Don’t Flush Trees: Eco TP Ratings

Recycled Tissue and Toilet Paper Guide

By Greenpeace

The Guide , which can be downloaded to your mobile phone, makes it quick and easy to find out which brands of facial tissues, toilet paper, paper towels, and napkins are truly green and which should be avoided. Our experts have carefully evaluated over 100 brands and recommended those that contain 100% overall recycled content; contain at least 50% post-consumer recycled content; and are bleached without toxic chlorine compounds.

When you’re doing your grocery shopping or just stopping by the corner store to grab a roll of toilet paper, make an informed decision as both a consumer and someone concerned about the world’s ancient forests.

Download Guide to your mobile phone.

Our new iPhone application brings the Guide directly to your iPhone or iPod touch. Also available on Android phones, just search for it! Don’t have an iPhone or an Android? View the mobile web (WAP) version here: 3rdwhale.com/greenpeace/wap

Top winners are:

Facial Tissue: Green Forest, 365, Natural Value and Seventh Generation.

Toilet Paper: Green Forest, 365, April Soft, Earth Friendly, Fiesta and Fiesta Green, Natural Value, Seventh Generation, and Trader Joe’s.

Paper Towels: Green Forest, 365, Earth Friendly, Natural Value, Seventh Generation, Trader Joe’s, Marcal Small Steps and CVS Earth Essentials.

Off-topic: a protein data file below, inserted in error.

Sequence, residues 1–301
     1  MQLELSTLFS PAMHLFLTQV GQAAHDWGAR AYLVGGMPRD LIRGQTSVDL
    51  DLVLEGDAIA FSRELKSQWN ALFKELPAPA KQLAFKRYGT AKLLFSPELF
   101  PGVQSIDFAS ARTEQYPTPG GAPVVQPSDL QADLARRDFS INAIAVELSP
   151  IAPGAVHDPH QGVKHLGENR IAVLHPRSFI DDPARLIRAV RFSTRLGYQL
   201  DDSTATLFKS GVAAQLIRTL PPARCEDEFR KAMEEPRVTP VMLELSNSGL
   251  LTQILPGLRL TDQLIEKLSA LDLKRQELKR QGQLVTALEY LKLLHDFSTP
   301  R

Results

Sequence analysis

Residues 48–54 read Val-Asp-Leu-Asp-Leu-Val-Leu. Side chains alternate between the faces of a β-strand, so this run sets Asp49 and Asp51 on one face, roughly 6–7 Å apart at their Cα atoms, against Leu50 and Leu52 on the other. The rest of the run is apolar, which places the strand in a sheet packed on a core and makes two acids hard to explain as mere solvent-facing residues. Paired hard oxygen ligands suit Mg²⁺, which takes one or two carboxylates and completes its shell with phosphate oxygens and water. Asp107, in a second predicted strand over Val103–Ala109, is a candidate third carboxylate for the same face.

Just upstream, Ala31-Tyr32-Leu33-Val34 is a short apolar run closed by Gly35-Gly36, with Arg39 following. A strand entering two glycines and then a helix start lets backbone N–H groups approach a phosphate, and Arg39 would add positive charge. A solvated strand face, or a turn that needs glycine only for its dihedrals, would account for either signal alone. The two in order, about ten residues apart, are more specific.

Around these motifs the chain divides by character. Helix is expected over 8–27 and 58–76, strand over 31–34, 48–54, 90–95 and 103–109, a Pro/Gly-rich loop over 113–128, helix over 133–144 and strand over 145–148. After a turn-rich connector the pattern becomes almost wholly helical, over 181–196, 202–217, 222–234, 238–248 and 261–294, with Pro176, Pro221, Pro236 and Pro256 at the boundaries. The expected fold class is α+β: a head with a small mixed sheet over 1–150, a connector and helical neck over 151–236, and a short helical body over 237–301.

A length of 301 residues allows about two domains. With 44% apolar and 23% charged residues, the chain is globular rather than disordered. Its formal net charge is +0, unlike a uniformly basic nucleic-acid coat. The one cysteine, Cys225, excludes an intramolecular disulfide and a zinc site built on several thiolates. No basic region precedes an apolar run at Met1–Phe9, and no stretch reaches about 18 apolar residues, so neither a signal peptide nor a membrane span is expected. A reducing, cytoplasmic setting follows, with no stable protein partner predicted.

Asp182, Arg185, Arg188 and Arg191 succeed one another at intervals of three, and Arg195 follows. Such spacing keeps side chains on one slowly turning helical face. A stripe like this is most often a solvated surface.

Paper Napkins: 365,  Atlantic, Cascades, CVS Earth Essentials, Green Forest, Marcal Small Steps, Natural Value, and Seventh Generation.

2 responses to “Don’t Flush Trees: Eco TP Ratings

  1. The local low budget store in our depressed neighborhood [Grocery Outlet] now carries Earth First TP. You get 12 rolls of 220 2-ply sheets for $3–not as cheap as the Dollar Store’s offerings but a reasonable price nonetheless since the paper appears thicker & the rolls seem to weigh more than the Dollar Store counterparts. The EF product is made without chlorine & is 100% recycled paper. The EF package claims an unqualified “80% post-consumer content” while your site says zero % post-consumer content. So give us the latest skinny: Is your online info out-of-date; or are you claiming that the Company is lying at the point of purchase? I realize that some environmentalists may be offended by EF’s corporate name; but it’s product quality & value that count most, isn’t it? Also (FWIW), a forum participant at http://www.sustainlane.com thinks that this TP is the same product as Trader Joe’s & various supermarket brands based on manufacturer [Royal] & physical characteristics. More or better info, anyone?

    • Well, the info in this article is a bit dated – the article is almost a year old. If EF changed its claims from 100% to 80%, I’d rely on the 80% figure.

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